Below are some photos from the studio which I like.


I use my phone too much. I look at it too often. I am amazed at what it does and I’m grateful for a lot of things it allows me to do. However, I find myself opening, refreshing, closing, opening, refreshing and closing it a lot. There are never-ending stories to check, memes to lol at and tags to review.

And the worrying thing is that it’s getting worse.

A few weeks ago in an attempt to grab even more of my attention, Facebook tried to encourage me to message my friend for a third day in a row “to keep my streak going”.

How about I message them the next time I need to speak to them?

How about I message them the next time I need to speak to them?

These kinds of attention-grabbing-features are appearing because:

  1. Our attention = Ca$h: Facebook, Instagram, Twitter, Google, Snapchat etc. make their money from showing you ads. The more you look at their apps, the more money they can make. They want you to open their apps as often as possible so they are designing new ways (like the Facebook example above) to keep you coming back.
  2. Its technically possible: Apple, Google and other manufacturers have built phones (hardware) and operating systems (software) that allow app developers to push information to you, to interrupt you, know your location and know your activity.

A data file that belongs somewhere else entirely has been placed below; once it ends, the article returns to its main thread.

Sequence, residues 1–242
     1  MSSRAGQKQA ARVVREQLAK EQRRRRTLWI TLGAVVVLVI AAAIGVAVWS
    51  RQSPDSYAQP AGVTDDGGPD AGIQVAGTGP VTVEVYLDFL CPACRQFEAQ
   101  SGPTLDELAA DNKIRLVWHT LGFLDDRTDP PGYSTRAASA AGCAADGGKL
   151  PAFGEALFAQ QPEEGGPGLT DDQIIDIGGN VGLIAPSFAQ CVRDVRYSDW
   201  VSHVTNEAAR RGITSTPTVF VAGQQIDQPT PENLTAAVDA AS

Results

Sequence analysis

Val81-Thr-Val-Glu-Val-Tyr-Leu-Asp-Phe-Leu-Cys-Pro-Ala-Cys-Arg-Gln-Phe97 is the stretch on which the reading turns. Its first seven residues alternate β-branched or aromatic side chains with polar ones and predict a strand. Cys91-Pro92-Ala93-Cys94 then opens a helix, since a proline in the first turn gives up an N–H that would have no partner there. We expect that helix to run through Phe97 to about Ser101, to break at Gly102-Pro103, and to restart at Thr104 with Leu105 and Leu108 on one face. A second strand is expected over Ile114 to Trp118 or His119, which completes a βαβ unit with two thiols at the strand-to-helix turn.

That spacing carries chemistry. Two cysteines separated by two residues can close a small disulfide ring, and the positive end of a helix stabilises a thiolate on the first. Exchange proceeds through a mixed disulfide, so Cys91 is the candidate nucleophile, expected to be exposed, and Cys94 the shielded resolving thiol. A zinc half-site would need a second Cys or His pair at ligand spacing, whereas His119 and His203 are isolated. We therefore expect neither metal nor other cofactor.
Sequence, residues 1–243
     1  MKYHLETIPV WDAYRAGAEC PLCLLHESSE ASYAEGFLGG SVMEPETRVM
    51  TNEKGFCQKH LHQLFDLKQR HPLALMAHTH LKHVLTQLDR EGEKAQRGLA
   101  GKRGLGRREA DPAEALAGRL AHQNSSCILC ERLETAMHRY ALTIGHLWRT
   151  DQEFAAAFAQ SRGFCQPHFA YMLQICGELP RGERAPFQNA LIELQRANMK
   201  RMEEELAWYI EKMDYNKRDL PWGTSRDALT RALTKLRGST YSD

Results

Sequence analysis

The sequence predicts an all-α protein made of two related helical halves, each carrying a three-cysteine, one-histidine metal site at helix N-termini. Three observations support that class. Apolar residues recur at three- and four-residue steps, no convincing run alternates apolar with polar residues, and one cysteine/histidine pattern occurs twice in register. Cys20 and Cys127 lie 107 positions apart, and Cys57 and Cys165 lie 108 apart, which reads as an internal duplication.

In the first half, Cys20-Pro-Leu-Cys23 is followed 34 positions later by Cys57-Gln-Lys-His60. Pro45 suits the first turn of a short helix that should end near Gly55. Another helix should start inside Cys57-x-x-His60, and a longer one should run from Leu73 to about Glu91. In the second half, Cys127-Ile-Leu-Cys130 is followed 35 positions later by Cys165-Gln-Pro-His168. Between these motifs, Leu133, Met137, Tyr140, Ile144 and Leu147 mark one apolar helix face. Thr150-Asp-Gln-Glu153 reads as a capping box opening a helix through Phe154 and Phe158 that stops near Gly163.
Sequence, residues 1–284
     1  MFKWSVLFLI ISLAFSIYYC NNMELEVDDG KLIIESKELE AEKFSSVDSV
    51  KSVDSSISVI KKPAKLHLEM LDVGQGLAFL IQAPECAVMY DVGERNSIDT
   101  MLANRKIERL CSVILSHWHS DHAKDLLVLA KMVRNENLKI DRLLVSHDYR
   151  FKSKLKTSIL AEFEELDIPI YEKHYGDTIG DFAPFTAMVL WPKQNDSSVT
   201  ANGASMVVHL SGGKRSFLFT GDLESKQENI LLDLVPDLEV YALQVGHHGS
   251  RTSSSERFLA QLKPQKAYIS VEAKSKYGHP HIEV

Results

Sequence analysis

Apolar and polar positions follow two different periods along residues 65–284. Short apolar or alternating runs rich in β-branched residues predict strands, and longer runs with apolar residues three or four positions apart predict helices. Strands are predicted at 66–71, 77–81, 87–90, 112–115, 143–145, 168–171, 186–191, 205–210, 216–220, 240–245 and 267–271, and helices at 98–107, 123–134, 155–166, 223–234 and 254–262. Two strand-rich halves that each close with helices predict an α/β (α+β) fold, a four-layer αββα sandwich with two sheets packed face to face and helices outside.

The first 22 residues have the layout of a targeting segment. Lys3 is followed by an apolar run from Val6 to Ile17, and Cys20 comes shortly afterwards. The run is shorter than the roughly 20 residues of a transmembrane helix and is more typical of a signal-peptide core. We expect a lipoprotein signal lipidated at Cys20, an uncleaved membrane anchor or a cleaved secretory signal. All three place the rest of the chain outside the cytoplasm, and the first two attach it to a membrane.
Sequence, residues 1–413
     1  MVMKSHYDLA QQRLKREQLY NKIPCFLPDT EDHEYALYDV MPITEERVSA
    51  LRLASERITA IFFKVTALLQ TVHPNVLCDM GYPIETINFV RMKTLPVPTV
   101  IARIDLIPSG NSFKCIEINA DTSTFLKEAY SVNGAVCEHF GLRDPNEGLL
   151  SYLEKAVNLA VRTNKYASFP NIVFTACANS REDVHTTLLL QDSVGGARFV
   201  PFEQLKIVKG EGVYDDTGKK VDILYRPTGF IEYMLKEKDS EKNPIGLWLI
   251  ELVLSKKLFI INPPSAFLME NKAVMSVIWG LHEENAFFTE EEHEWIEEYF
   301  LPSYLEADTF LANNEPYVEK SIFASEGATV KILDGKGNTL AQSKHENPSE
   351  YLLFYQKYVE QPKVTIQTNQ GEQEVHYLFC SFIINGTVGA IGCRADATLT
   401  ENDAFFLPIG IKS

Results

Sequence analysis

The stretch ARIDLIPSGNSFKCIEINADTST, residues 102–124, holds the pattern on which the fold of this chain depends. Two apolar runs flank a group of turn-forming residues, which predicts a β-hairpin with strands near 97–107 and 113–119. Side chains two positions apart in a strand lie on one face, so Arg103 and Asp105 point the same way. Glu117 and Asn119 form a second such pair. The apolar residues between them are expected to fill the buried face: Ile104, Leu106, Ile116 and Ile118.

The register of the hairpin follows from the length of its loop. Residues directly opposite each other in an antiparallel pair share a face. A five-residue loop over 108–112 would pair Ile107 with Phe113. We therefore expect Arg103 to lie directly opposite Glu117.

The advertising-based business models of your favorite apps combined with your smartphone means an all-out war to steal your time and attention.

Taking a break

It feels like this is going to get worse before it gets better. A lot of apps are addicted to the advertising dollar and that won’t be changing in the short term.

The Facebook example above prompted a discussion with my friend Tim and together we’ve decided to take a break from our smartphones. It’s an experiment, partly for fun, partly a protest, and partly a serious inquiry into our own relationships with focus, productivity, mental health and the devices we use each day. It’s an opportunity for reflection and consideration.

Starting next Monday 22nd January, we’re going to spend a week (maybe longer) without our feature-full $1000 smartphones and switch back to the featureless phones we grew up with.

I shared this idea along with a list of things I think I’m going to miss on Twitter a month ago. Since then a few people have decided to join us as we say goodbye to our smartphones. You’re welcome to do the same.

If you’d like to come along for the ride, grab yourself an old phone and sim-card, give your new number to your most important friend and family and put your smartphone in your draw. We’ll be sharing our experiences (from our computers) with the hashtag #byephone.

For some reason, I’m kind of nervous about not having access to music, maps, weather and on-demand cars. But I also know that is stupid and that feeling nervous about losing that stuff is probably a sign that something needs to change.

Bloomberg: Taxi Medallion Prices Are Plummeting, Endangering Loans


Future of mobility report by McKinsey & Bloomberg